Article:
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    For JBoss AS7, JBoss EAP 6 and subsequently WildFly the approach taken for authentication has been very much making use of the authentication checks performed by JBoss Remoting 3, here authentication is performed as the connection between the client and server is established.  Authentication is performed using SASL which allows us to offer a set of supported authentication mechanisms for the client to choose from, possibly trying different mechanisms to identify which ones it can actually use.  The identity of the authenticated user is then used for any requests processed over that connection.


    For authentication over HTTP we have been able to take advantage of being able to see the address of the resource being accessed before authenticating, this means that authentication does have the opportunity to be more specific to what is accesses.  Similar to SASL clients can be offered multiple mechanisms to choose from selecting the mechanism they can handle.


    The drive to minimise the number of ports in use by an installed server is leading us to a point where almost all traffic would be routed over a single Remoting connection, with the addition of support for HTTP Upgrade even HTTP invocations quickly delegate everything to Remoting leaving Remoting to handle the authentication.


    Various limitations have been found with using an authenticate on connection approach, this article is to capture them all.


    Per Request Identity Switching


    This has probably been the most complained about issue affecting applications clients making calls to deployed EJBs.  By using JBoss Remoting multi-threaded clients are able to use a single connection to the server to send multiple requests concurrently, even single threaded clients re-use an existing connection - the authentication on connection approach means that all requests over this connection are executed as the same user.


    Previous AS releases would send the username and password in the clear with each request, this would mean that each EJB invocation could be executed as a different user - however for WildFly we are looking to avoid any clear password propagation where it can be avoided.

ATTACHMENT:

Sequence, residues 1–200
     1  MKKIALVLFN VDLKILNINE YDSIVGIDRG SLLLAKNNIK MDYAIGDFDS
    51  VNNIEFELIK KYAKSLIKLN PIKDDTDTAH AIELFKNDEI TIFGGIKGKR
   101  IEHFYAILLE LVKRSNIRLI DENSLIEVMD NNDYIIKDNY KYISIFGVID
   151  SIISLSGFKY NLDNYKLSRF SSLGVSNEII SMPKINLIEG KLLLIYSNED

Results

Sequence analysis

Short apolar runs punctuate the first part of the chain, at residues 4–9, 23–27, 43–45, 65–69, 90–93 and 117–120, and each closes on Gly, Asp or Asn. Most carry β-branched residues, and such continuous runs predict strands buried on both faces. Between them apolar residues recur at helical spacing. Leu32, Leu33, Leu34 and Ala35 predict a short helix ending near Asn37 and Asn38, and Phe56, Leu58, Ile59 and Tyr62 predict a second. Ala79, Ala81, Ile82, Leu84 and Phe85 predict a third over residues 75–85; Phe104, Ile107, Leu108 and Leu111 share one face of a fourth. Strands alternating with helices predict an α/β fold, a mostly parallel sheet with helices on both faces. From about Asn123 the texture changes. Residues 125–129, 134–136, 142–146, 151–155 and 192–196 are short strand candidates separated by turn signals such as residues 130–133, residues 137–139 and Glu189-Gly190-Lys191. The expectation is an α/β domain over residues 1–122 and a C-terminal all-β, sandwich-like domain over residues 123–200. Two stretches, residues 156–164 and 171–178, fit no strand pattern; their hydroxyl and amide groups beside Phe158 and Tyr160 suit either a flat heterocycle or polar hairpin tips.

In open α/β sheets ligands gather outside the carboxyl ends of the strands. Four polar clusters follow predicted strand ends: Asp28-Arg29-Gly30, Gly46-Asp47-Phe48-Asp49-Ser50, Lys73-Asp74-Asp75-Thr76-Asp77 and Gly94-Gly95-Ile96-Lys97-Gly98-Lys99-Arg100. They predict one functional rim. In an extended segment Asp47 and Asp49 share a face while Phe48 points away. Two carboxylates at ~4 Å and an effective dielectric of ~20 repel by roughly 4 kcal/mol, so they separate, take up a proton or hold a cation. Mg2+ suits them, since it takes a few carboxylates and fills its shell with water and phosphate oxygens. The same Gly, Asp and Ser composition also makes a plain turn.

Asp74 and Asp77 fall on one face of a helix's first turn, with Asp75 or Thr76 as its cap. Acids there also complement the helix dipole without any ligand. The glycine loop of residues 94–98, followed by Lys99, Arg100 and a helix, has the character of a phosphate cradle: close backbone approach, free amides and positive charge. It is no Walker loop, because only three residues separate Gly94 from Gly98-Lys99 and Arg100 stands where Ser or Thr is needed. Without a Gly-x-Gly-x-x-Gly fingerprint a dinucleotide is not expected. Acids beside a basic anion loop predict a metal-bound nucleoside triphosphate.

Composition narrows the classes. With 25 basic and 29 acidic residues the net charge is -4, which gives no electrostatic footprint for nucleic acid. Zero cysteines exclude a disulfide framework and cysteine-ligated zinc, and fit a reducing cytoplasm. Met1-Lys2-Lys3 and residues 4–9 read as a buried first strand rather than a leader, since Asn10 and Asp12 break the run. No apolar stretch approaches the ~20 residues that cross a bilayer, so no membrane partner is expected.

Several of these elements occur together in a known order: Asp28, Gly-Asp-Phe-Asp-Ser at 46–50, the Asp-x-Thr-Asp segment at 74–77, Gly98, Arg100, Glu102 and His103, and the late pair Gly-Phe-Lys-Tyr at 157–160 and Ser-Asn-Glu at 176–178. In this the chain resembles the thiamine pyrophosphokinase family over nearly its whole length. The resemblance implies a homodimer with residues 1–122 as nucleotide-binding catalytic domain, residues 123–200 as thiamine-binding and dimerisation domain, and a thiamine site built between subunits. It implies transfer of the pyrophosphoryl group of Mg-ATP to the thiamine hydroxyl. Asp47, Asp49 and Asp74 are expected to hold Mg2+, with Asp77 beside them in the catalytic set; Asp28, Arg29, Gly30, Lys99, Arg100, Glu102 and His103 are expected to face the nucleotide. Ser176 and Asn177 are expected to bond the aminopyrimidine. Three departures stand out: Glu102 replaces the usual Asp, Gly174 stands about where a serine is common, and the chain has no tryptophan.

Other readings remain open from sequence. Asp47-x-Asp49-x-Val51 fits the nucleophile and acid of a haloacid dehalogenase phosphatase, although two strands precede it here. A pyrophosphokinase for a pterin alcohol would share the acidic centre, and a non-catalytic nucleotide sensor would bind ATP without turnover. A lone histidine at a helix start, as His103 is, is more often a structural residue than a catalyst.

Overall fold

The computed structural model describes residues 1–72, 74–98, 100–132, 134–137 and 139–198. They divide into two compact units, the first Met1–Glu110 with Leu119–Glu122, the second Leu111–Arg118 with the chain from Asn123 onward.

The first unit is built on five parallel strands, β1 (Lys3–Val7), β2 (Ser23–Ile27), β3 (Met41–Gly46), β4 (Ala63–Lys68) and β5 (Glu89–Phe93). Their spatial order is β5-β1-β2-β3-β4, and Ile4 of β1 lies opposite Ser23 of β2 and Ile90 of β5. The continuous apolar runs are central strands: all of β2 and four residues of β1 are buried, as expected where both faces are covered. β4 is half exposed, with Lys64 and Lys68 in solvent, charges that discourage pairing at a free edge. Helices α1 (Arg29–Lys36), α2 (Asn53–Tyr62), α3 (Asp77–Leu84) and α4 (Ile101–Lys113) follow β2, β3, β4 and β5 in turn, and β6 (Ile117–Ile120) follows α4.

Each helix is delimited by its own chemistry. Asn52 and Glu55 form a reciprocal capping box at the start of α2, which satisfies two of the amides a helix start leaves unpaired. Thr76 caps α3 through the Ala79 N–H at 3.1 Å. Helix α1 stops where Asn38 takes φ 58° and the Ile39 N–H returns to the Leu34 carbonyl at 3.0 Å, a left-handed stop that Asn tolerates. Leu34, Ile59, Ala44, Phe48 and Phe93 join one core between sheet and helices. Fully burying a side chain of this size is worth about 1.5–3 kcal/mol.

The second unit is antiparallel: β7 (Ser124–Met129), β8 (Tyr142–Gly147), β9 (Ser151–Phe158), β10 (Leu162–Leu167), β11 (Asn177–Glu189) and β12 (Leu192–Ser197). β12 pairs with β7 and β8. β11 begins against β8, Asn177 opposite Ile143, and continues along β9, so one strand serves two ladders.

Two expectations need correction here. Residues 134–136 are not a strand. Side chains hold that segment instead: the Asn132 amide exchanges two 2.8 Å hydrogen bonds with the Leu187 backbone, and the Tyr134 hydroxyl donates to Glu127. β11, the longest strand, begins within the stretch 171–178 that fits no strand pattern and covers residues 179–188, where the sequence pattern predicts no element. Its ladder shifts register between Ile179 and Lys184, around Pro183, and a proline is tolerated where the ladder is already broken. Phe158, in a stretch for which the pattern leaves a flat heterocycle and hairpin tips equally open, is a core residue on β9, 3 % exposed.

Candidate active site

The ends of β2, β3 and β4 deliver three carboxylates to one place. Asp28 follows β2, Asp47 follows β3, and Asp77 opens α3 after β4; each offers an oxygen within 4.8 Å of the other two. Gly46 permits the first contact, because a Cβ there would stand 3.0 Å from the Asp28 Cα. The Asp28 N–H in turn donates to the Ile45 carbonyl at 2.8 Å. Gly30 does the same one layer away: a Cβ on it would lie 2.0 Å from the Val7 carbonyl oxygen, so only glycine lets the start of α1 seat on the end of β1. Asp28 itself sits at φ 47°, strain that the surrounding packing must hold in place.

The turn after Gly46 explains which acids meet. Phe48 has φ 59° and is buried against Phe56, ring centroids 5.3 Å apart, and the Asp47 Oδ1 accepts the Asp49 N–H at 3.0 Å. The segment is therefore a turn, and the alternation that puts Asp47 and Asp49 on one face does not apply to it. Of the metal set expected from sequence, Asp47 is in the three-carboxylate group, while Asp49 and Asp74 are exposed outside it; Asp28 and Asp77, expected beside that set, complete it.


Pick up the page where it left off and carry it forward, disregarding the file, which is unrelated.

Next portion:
So far one solution has been provided in the form of a quick start, client side and server side interceptors can be added combined with a 'Trust' login module to request that an individual request is switched to run as a different user.  Passwords are not exchanged in the clean but instead the login module verifies that the user that opened the connection has the permission to allow it to execute requests as the user it specifies.


    A more complete solution is being discussed where we introduce an 'authentication service' - essentially this is a service that can be called after a successful connection is established to perform an additional SASL based authentication.  The SASL authentication will support both authentication involving credential validation e.g. DIGEST and also run as type authentication where the user that established the connection is asking permission to run requests as a different user.  The result of this authentication to the authentication service will be an authentication token which is tied to the connection - subsequent requests over that connection can use the token to request the previously authenticated identity can be used.  Replays are protected against by binding the token to the connection. 


    The quick start solution previously provided is very much specific to EJB invocations, the authentication service will be more tightly integrated with the Remoting communication and so allowing it to be used for all services available over the remoting connection - this will be especially beneficial where different services are accessed over the same connection - as an example JMX and the management API.


    Identity Propagation


    This is closely related to the identity switching issue, as requests are processed on one server - where it results in a request being passed onto another server it is desirable for the identity of the user to be propagated to the second server.